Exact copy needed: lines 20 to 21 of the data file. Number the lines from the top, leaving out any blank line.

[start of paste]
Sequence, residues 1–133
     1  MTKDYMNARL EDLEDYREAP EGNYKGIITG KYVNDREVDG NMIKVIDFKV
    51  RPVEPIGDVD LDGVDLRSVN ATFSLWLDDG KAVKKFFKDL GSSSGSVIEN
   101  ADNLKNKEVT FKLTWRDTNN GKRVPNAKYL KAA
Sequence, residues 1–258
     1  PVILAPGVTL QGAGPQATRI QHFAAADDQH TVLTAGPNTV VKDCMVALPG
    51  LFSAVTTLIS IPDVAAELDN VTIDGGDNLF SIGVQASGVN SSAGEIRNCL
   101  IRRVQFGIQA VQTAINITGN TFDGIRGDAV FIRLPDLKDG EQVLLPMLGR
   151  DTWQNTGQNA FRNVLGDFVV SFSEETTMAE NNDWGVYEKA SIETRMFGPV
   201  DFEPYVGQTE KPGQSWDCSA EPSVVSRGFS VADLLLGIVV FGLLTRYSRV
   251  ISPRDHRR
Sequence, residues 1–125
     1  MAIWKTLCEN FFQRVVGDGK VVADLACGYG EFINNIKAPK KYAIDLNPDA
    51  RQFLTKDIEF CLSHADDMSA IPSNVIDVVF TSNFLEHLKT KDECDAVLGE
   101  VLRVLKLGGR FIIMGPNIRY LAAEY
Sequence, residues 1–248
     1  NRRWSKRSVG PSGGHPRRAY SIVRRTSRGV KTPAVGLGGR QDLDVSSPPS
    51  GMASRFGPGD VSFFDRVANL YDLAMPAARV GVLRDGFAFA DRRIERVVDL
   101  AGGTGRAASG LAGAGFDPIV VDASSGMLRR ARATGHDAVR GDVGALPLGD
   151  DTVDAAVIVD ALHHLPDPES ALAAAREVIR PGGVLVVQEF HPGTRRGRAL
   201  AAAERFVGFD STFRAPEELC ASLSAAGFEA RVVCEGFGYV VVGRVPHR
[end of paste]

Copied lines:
   151  DTVDAAVIVD ALHHLPDPES ALAAAREVIR PGGVLVVQEF HPGTRRGRAL
   201  AAAERFVGFD STFRAPEELC ASLSAAGFEA RVVCEGFGYV VVGRVPHR